soldiers are. You come in for warmth; you come in for information; you
come for social interaction; you come for the celebration; and you come
for the wake. It’s the whole package. That’s what we do here.”

Coogan’s was “the first real bar for a lot of Dominicans,” Black said.
“The other bars up here were basically drug dens. Liquor might be sold
there, but a lot of other shit happened.” I heard this again and again
from the local residents I spoke with—that Coogan’s was a unlike any
other establishment in northern Manhattan. “We didn’t allow the drug
dealers in. We knew who they were,” Walsh said. Hunt concurred. “We told
them, ‘This is not your place. We don’t want you. We don’t want your
business.’ ”

During the Washington Heights riots, in July of 1992, which were sparked
by the fatal shooting of a local resident by a police officer, Coogan’s
stayed open around the clock, in part to prevent looting of the
restaurant but also to provide a safe place for local residents and law
enforcement to eat and rest. One evening, Walsh introduced the local
police commander Nick Estavillo to the City Council member Guillermo
Linares, who was dining there. A deal was worked out in the bar’s back
room, and the rioting stopped the next day.

Hunt, Walsh, and McDade had known the fate Coogan’s was facing for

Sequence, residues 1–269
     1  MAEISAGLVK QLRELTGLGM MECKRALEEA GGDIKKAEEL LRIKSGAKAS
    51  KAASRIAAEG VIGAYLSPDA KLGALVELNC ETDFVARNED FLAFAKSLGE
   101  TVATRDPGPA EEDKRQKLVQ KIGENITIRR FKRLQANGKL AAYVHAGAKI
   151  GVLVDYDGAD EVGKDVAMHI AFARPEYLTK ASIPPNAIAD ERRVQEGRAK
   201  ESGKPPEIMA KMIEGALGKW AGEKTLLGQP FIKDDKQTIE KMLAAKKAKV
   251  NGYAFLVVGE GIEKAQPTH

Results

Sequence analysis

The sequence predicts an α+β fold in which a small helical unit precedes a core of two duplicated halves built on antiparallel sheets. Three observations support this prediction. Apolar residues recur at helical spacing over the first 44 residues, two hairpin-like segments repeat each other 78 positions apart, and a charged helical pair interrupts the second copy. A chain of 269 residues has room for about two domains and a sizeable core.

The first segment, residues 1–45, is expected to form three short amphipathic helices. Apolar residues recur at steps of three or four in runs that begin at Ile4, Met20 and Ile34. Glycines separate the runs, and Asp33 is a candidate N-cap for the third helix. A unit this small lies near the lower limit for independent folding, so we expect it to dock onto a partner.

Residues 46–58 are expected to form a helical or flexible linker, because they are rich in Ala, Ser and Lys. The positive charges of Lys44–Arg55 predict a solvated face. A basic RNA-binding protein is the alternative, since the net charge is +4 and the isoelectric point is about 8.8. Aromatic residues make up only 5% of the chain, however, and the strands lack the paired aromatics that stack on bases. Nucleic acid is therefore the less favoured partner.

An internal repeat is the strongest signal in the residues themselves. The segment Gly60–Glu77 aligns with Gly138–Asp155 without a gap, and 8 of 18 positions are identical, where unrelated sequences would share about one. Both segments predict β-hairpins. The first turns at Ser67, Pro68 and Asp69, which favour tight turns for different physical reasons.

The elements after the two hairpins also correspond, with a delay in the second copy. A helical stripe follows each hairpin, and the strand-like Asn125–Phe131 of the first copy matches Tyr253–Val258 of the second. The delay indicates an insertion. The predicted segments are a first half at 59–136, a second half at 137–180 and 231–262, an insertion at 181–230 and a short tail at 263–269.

about two months before the Times story broke the news to the
community. They were resigned. “We had met with each of our staff
members,” McDade said. “They had cried and we had cried. It was done.”
They started giving away the bar’s Christmas decorations to charities.
Walsh sold his apartment and prepared to move. All three began looking
for new jobs even as they tried to find work for the members of their
staff. “People think we have a pension,” Hunt said. “We don’t. We have a
cash register. When that cash register stops, our income stops.”

The scale of the response to the news of their impending closure
astonished them all. “The neighborhood came to us,” Walsh said. “Here we
are, a group of Irish immigrants being saved by the newer immigrants
that the President of the United States is trying to keep out of the
country. We were saved by these people. The children of immigrants
being defended by today’s immigrants: Dominican, Haitian, Caribbean,
African. It’s thrilling.”

The details of the agreement with the hospital have not been disclosed;
all three owners have signed confidentiality agreements. “The terms were
favorable,” Hunt said. When I asked what they planned to do with their
new lease on life, McDade replied, “We need to sit together and figure
out our plans. More of the same, but we need to step it up.” Walsh said,
“We have to be more concerned about what’s going on with our neighbors
and with New York and our country. We’ve got to be even more involved
now.”

Most immediately, they planned to lend their support to another small
business facing the same threat they just survived. Galicia Restaurant,
three blocks north of Coogan’s on Broadway, announced last week that it
would be forced to close after thirty years because its landlord had
tripled the rent. At a rally for the restaurant on Sunday, Walsh
addressed the crowd, expressing the sentiments of many longtime
residents of Washington Heights. “Small businesses solve problems,” he
said. “We fought the battles back in ’85 and before. We’ve made this
neighborhood attractive for families. And now they want to take it away
from us.”

Sourse: newyorker.com